Kuwait suspects 'forced to confess'

Eight of more than 20 defendants accused of joining a "terrorist" group in Kuwait have said their interrogators intimidated them into signing false confessions.

    The defendants say they were intimidated

    They said at their trial in Kuwait City on Saturday that they made the confessions after they were shown pictures of their badly tortured ringleader and interrogators threatened to harm members of their families.

    Twenty-one men and one woman pleaded innocent when the trial opened last month.

    They were also accused of killing policemen in an unprecedented series of deadly clashes this year in the small, oil-rich country.

    The gang's alleged ringleader, Amer Al-Enezi, was captured in one of the clashes in January and died in hospital of what the Interior Ministry said was a heart attack.

    "They took me down to see Amer Khalif [al-Enezi]," said Majed Mayyah al-Mutairi from the dock. "I swear to God they are not human, he was cut to pieces."


    The 33-year-old defendant said he was not beaten but it "was enough" for him to see the tortured ringleader to sign a false confession.

    Ten of the 37 defendants are at large and several more have yet to appear in court. The majority of those in custody face the death sentence or life in prison if convicted.

    "I asked them to have mercy on me because I had undergone an operation on my right testicle, so they lashed me on it with a stick"

    Hussam Youssef Abdul-Rahim,

    Hussam Youssef Abdul-Rahim, a Jordanian defendant, said state security threatened to sexually abuse his wife, who was detained in another room, if he didn't say he knew that members of the group had fought battles with police.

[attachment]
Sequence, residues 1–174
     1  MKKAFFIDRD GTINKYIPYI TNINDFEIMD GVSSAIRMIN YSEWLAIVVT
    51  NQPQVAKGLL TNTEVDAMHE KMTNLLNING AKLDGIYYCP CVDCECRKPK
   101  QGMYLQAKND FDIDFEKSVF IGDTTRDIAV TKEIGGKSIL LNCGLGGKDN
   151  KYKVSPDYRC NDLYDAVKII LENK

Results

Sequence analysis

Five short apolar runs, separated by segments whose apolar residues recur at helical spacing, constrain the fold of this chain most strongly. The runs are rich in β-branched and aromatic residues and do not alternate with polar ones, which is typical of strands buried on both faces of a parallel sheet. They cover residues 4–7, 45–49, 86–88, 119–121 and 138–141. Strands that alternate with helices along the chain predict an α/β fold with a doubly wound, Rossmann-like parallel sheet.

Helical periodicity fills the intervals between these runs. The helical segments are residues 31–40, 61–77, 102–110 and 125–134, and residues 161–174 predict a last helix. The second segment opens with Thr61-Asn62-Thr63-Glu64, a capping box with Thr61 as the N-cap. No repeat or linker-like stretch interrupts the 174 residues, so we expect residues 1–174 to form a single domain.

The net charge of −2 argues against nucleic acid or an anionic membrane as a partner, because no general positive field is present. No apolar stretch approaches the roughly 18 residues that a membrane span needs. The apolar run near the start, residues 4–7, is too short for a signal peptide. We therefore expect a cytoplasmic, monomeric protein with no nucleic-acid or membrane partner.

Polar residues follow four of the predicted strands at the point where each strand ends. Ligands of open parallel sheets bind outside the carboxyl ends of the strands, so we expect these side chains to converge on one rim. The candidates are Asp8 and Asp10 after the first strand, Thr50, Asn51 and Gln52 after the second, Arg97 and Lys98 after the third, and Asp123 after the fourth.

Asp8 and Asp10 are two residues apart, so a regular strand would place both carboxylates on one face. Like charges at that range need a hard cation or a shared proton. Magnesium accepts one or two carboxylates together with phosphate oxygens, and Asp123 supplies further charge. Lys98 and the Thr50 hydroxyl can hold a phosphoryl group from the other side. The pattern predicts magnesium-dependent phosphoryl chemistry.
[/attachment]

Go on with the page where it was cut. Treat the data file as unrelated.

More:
"I asked them to have mercy on me because I had undergone an operation on my right testicle, so they lashed me on it with a stick," he told the criminal court.

    Seven of the defendants had previously told the court that they confessed under duress, four of whom took off their shirts in the dock to display clearly visible scars on their backs.

    Most of the defendants are charged with joining the Lions of Peninsula, a group "based on extremist ideology" and rebellious against state institutions.



    Four policemen and eight suspected "terrorists" believed to be connected to the group were killed in clashes across the country in January.

    The defendants include Kuwaitis - including the wife of the alleged ringleader, who is battling cancer - as well as stateless Arabs who have lived in Kuwait for decades without acquiring citizenship, a Saudi, a Somali and an Australian businessman of Arab origin.

    Kuwait has been a US ally since
    the 1991 Gulf war

    The Australian, Tala Adri, complained to the court on Saturday that the defendants were detained three to a prison cell and allowed out only once a day to pray. The lights are kept on day and night, he and other defendants said.

    One lawyer, Mubarak al-Muttawah, declared the trial unconstitutional because the accused were not able to meet with their lawyers before it started.

    Kuwait has been a US ally since the 1991 Gulf War when the Americans drove the invading Iraqis out of the country after their seven-month occupation.

    However, groups who oppose the American military presence in Kuwait have attacked Americans since 2002, killing one US Marine and a military contractor.

    Kuwait's Islamic movements condemned the January clashes and offered to help the government fight "terrorism".

    SOURCE: Unspecified


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